Workers in Head Start programs must at least be enrolled in a program in which they will earn a postsecondary degree in early childhood education or a child development credential.

States do not regulate educational requirements for nannies. However, some employers may prefer to hire workers with at least some formal instruction in childhood education or a related field, particularly when they will be hired as full-time nannies.

Licenses, Certifications, and Registrations

Many states require childcare centers, including those in private homes, to be licensed. To qualify for licensure, staff must pass a background check, have a complete record of immunizations, and meet a minimum training requirement. Some states require staff to have certifications in CPR and first aid.

Some states and employers require childcare workers to have a nationally recognized credential. Most often, states require the Child Development Associate (CDA) credential offered by the Council for Professional Recognition. Obtaining the CDA credential requires coursework, experience in the field, and a period during which the applicant is observed while working with children. The CDA credential is valid for 3 years and requires renewal.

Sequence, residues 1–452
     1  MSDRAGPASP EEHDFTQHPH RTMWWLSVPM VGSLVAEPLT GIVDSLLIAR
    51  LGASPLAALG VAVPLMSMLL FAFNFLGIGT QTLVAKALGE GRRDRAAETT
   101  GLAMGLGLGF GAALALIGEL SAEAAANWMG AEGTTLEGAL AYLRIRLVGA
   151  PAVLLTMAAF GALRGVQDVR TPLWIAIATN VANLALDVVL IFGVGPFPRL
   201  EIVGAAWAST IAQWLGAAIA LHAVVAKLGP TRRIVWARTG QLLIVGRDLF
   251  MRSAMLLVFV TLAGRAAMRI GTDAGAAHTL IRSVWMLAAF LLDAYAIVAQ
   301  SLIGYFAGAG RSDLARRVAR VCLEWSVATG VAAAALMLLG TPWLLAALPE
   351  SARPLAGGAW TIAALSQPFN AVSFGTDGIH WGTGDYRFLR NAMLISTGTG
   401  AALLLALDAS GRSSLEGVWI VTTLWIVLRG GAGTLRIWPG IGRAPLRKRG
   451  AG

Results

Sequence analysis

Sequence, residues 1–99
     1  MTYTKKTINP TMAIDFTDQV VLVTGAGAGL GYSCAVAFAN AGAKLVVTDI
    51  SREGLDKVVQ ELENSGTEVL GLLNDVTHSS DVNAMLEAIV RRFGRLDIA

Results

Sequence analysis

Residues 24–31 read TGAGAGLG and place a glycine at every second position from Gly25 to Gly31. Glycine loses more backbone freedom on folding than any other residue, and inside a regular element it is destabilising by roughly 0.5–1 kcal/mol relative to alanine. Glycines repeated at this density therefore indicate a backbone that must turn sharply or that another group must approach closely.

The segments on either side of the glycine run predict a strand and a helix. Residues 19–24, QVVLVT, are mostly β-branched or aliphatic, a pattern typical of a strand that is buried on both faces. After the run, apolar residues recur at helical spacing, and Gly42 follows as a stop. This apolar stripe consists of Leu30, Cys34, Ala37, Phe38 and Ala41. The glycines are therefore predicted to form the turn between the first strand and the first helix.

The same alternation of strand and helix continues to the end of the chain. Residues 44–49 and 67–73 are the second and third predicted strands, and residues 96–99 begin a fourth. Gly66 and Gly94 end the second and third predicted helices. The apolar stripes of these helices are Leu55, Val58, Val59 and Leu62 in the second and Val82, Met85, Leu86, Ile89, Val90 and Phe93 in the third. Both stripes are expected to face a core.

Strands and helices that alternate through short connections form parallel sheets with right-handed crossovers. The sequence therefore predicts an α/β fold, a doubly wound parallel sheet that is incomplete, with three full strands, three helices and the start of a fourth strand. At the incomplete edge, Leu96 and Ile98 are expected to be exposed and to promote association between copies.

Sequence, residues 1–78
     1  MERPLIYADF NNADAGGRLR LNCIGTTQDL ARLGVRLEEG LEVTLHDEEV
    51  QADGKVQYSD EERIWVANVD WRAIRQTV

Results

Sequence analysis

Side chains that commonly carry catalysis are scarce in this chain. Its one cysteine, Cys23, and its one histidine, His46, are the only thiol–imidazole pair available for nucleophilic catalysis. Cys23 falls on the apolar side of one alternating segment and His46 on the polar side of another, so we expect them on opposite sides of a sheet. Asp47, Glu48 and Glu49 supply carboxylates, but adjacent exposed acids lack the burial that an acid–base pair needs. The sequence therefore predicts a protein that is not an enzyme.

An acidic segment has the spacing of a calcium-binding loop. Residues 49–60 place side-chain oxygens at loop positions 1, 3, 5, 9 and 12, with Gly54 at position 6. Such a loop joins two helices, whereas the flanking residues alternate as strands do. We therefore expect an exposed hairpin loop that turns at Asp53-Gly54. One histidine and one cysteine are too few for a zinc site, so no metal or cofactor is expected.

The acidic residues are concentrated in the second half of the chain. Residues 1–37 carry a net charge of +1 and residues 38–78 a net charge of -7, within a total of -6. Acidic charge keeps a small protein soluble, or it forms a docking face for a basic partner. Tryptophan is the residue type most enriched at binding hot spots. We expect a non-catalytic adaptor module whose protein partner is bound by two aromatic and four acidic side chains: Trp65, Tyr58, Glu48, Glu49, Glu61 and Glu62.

Some states recognize the Certified Childcare Professional (CCP) designation offered by the National Early Childhood Program Accreditation. Some of the requirements needed to obtain the CCP are that the candidate must be at least 18 years old, have a high school diploma, have experience in the field, take courses in early childhood education, and pass an exam. The CCP accreditation requires renewal every 2 years through the CCP maintenance process.

The National Association for Family Child Care (NAFCC) offers a nationally recognized accreditation for family childcare providers. This accreditation requires training and experience in the field, as well as a period during which the applicant is observed while working with children.

Training

Many states and employers require providers to complete some training before beginning work. Also, many states require staff in childcare centers to complete a minimum number of hours of training annually. Training may include information about basic care of babies, such as how to warm a bottle, and customer-service skills.

Important Qualities

Communication skills. Childcare workers must be able to talk with parents and colleagues about the progress of the children in their care. They need good speaking skills to provide this information effectively and good listening skills to understand parents’ instructions.

Decisionmaking skills. Good judgment is necessary for childcare workers so they can respond to emergencies or difficult situations.